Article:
sun 14/08/2022

The Agnostic Mountain Gospel Choir, Luminaire | reviews, news & interviews

The Agnostic Mountain Gospel Choir, Luminaire

The Agnostic Mountain Gospel Choir, Luminaire

The end of the world has never sounded better

If a couple of years ago, some old bloke in dungarees with a long grey beard had proclaimed that the Agnostic Mountain Gospel Choir were his new favourite band, you probably wouldn't have taken much notice. But this particular hirsute gentleman is none other than the now legendary Seasick Steve, a man who has somehow morphed from unknown street musician to someone who can single-handedly make a Royal Albert Hall audience feel like they are in his own backyard.
It might also be argued that this American bluesman has been responsible for creating a musical climate in which the AMGB's fairly challenging, yet paradoxically roots-derived music might find a responsive audience in the UK. They certainly deserve to.
But before we go any further, it probably needs to be pointed out that these four Canadian fellows from Calgary, Atlanta are not from the mountains and nor are they a gospel choir. And for that matter, they've not made any public proclamation regarding their position on the existence or not, of either a deity or an afterlife. But what you do need to know is that their latest album Ten Thousand is a wonderful amalgam of Delta blues, bluegrass, gospel, and traditional Appellation folk music which, at times, brings to mind Tom Waits at his most lo-fi and theatrically Satanic. But what first drew me to these charming fellows was the fact that a mixing bowl is listed in the sleeve notes as one of the instruments they use: I love a band who know how to stretch the sonic envelope with kitchenware.
I was happy to note that perhaps that very same mixing bowl was sat face down on one of the drummer's toms, nicely complementing the Second World War army helmet which was mounted on one of his cymbal stands. And it wasn't long before both these idiosyncratic percussion objects were being given a good thrashing by the band's excellent drummer Peter Balkwill. But it's the banjo and guitar playing lead vocalist Judd Palmer who is the real focus of the band, and perhaps one of the few front men who can conjure up a veritable storm while remaining seated for most of the gig (as did fellow guitarist Bob Keelaghan.)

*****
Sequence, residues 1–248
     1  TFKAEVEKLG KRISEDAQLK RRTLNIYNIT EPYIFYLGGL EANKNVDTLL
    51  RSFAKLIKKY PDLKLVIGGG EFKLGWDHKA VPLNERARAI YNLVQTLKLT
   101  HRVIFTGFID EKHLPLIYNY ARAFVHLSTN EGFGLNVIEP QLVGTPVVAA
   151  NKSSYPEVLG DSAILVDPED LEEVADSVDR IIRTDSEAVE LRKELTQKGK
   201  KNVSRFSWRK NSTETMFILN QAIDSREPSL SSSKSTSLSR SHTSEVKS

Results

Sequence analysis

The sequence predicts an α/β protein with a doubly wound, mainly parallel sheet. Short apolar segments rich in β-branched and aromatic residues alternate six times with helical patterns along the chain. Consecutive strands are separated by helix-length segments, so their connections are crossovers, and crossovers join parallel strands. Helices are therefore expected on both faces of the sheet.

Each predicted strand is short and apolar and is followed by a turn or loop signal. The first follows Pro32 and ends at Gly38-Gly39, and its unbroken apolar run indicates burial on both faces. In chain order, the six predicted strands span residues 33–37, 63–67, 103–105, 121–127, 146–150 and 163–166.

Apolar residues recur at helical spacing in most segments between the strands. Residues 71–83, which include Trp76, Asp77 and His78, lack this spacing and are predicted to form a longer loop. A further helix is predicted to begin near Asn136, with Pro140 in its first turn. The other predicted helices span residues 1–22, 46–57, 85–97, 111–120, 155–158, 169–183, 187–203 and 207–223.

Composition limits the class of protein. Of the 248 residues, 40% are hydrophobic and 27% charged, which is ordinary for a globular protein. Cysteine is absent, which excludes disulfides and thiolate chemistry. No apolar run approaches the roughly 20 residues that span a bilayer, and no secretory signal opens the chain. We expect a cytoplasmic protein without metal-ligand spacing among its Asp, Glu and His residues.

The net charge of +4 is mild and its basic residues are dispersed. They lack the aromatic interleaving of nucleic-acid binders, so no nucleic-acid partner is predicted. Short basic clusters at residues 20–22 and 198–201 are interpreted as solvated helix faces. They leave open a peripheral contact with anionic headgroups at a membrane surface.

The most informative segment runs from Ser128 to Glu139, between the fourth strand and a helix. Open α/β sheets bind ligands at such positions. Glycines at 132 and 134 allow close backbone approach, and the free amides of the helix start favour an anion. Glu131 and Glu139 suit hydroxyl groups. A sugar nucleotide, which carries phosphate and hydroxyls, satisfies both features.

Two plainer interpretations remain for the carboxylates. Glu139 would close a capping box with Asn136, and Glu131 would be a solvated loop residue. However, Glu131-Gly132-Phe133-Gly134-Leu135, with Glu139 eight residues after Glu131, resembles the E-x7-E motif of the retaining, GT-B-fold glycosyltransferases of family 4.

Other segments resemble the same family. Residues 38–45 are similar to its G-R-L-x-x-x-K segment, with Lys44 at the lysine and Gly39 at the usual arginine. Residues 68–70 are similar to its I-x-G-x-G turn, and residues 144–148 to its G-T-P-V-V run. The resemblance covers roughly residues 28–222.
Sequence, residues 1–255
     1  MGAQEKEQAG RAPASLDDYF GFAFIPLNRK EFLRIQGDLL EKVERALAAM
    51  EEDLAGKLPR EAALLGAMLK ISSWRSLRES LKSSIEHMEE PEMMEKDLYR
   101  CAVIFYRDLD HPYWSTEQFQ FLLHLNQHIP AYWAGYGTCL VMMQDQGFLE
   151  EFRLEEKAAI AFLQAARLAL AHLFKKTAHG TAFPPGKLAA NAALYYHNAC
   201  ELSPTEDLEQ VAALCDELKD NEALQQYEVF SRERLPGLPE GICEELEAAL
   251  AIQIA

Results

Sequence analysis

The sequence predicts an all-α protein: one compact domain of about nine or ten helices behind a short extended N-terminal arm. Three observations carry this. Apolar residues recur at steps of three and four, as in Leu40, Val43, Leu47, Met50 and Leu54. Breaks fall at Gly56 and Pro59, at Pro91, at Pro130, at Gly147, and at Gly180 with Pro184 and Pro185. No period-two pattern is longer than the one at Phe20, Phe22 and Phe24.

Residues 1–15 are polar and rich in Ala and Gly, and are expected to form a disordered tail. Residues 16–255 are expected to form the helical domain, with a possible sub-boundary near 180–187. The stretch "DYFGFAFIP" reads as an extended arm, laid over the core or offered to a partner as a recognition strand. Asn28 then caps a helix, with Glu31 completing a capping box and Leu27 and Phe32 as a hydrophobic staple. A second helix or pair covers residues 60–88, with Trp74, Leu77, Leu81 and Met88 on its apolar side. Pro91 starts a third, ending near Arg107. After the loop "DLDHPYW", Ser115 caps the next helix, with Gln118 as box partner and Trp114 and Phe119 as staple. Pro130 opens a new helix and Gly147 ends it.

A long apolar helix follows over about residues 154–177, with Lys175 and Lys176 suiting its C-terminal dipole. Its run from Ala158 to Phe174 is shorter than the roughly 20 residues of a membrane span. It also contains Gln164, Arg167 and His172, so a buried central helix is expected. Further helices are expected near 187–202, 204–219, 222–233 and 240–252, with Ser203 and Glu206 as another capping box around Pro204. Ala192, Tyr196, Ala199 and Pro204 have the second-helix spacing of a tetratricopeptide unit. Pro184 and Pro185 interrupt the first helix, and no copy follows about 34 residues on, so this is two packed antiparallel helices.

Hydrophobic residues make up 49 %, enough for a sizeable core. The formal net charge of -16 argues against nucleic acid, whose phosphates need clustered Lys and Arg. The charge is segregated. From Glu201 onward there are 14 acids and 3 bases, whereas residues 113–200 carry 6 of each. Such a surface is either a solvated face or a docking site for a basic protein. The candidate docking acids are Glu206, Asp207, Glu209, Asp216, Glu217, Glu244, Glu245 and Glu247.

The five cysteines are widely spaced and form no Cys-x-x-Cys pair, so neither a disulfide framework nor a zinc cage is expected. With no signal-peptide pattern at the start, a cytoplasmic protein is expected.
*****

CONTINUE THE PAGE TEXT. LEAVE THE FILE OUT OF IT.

The sheer physical heft and joyously clanky racket that these three offer (ably supported by double bassist Peter Balkwill) is some of the most physically present music I've heard in a long time. As they move from the slowest, weariest blues to the most high-powered hillbilly rocker, one can almost imagine their music as the by-product of some cranky old machine. The slow songs are generated by creaking cogs of the machine as it hauls itself up the steepest of hills, and the fast numbers are it hurtling down the other side, dangerously out of control. For example, 'The Boig' limps and stumbles along like an old hobo with a bad leg, whereas the force of nature that is '10,000 Years' hurtles past like an out-of-control steam train. The set concluded with the crowd-pleasing warped gospel blues 'John the Revelatory'.
A brief mention should be given to support band, the Moulettes. They consist of two nicely frocked girls playing bassoon and cello, and a 21st Century beatnik who manages to beat out a steady high-hat and bass drum rhythm while simultaneously playing acoustic guitar and providing backing vocals. They may be best summed up by one of the girls casual asides to the audience, in which she described their songs as being 'a little apocalyptic.'  If this charming trio provide the soundtrack to the apocalypse, I imagine they'll also be serving scones and tea. I can't wait.

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